In an industrialized society, adjustment to reality is the main theme of mental health programs, and the best adjustment is often identified with sexual and financial successes. In the light of such ideas, many artists appear as victims of their own mother and father complexes. Not only does the world look down on artists as outsiders who are incapable of social adjustment, but the artists themselves are guilt-ridden and full of anxiety. It is regrettable that psychoanalysis has often reinforced their guilt feelings by overemphasizing the neurotic aspects of their conflicts. Jung and his school have generally avoided these pitfalls and have centered their attention on different aspects of the creative unconscious, achieving considerable understanding of mystic and primitive art.
TO UNDERSTAND the relationship between illness and creativity, one must analyze the essence of creativity and study the effect of pathogenic influences on it. Fortunately, some scientific data are now available. Dr. Charles Hersch and Dr. Leslie Phillips, psychological researchers at Worcester State Hospital, in Massachusetts, have used the conceptual framework of Professor Heinz Werner of Clark University and some of Dr. Anne Roe’s earlier material on artists in an investigation comparing the creative mind with the average mind and with that of the schizophrenic patient. For the creative group they used a sample of eminent painters who have achieved national recognition.
In interpreting the Rorschach ink-blot test, the answers are scored in various categories according to whether movements, forms, colors, or other aspects determine the created image. This enables the psychologist to gain insight into the relative strength of various pressures within the individual and thus understand how he perceives the world and reacts to it. Certain types of answers are considered mature and indicate a high degree of integration, while others suggest emotionality and primitive diffuse emotionalism. Traditional interpretation of the Rorschach test did not permit discovery of creative aspects in the personality, and the misinterpretation of certain types of answers as primitive or regressive added to the confusion. The new study assumes that the creative personality does not operate at a fixed level of function but, rather, varies in its level of performance.
Creativity requires a constant reorganization which cannot be achieved without constant fluctuation or mobility between progressive integration and regressive starting anew. Thus, creativity is a bi-phasic process. The creative artist has to command a flexibility which enables him to differentiate fixed configurations and reorganize the elements in nonexisting new patterns of imagery. And the creative person needs a greater ability to integrate those processes which we identify with maturity, as well as the more primitive personality patterns which enable him to regress and identify with objects on a rather primitive level. These primitive aspects of artistic personalities have often been confused in psychology with primitivity, infantilism, or schizophrenic lack of ego boundaries.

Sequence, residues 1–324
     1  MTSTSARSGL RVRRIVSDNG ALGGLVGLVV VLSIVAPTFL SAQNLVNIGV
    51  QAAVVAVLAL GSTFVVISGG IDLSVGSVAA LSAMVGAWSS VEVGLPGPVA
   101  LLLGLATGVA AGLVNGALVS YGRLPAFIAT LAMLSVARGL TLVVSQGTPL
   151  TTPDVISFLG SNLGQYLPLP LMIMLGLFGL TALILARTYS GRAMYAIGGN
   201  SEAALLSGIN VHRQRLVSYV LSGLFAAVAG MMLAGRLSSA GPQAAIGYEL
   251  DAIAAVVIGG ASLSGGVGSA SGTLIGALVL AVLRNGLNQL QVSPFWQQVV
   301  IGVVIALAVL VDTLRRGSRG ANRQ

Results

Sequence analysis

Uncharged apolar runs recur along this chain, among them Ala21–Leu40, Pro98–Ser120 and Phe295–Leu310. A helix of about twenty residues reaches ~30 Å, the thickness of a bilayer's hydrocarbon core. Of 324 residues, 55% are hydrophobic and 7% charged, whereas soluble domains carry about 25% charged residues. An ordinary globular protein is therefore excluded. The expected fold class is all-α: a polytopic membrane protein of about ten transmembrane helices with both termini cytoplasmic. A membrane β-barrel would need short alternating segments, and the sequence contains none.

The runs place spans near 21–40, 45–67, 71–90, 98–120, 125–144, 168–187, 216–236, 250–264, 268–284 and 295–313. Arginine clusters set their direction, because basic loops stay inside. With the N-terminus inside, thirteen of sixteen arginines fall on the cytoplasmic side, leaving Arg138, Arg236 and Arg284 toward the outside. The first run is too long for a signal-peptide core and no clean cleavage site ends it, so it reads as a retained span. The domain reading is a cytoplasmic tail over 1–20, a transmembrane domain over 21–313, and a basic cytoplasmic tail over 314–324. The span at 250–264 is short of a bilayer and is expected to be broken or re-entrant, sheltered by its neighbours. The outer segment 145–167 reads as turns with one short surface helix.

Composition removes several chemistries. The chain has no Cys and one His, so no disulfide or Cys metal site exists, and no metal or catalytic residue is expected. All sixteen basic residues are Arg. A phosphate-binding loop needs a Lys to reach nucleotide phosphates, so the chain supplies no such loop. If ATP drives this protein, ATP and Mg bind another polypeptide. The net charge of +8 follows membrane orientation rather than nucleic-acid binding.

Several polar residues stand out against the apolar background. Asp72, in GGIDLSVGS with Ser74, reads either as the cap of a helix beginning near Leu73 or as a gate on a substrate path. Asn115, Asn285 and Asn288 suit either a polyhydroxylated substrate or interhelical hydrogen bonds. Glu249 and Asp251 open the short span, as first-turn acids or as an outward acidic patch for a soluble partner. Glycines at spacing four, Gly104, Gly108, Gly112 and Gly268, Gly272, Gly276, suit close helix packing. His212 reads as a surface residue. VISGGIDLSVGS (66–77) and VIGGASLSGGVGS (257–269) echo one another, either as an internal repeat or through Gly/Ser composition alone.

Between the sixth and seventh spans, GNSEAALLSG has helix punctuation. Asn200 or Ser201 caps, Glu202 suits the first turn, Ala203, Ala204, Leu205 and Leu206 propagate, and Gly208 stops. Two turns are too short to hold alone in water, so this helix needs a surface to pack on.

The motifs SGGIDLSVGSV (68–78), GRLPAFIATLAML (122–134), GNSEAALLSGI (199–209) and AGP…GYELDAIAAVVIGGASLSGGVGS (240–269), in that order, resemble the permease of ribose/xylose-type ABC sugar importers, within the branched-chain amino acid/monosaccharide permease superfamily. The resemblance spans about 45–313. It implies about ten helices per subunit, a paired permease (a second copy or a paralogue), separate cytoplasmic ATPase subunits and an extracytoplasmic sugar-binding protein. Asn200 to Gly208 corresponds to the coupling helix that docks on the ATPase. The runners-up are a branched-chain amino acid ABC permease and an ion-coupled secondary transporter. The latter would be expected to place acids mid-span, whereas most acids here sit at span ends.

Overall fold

In an era when the unconscious and primitive patterns were the sole object of interest, artists were confused with neurotics and psychotics, who have only this aspect of creativity but lack the formative integration and real creative power. What especially distinguishes the great artist from the average person, and, even more, from neurotic inefficiency and schizophrenic decomposition? Artists give more mature, form-dominant responses than average people do, and both give significantly more integrative responses than the schizophrenics do. On the other hand, artists have more primitive responses than the average on what have been called “primitive” scores, but the artist’s is a different type of primitive response from the schizophrenic’s. Artists excel in the physiognomic responses of both groups.
The investigation showed that artists have a high percentage of mature responses of a specific nature, including movement conceptions, formdominant responses, and primitive thought responses. The nature of their responses indicates that a creative personality is able to shift back and forth between self and environment. First, the boundaries between self and environment can be readily relaxed in a mode of identification. On the other hand, the boundaries are readily reinstated, with self and environment maintaining discrete and polar differentiation.
This research gives new insight into artistic creativity. Creative personalities have greater abilities than ordinary people for both progression and regression in their dealings with the world around them, but the regression in artistic creativity has no connection with the infantile regression of neurosis or mental illness.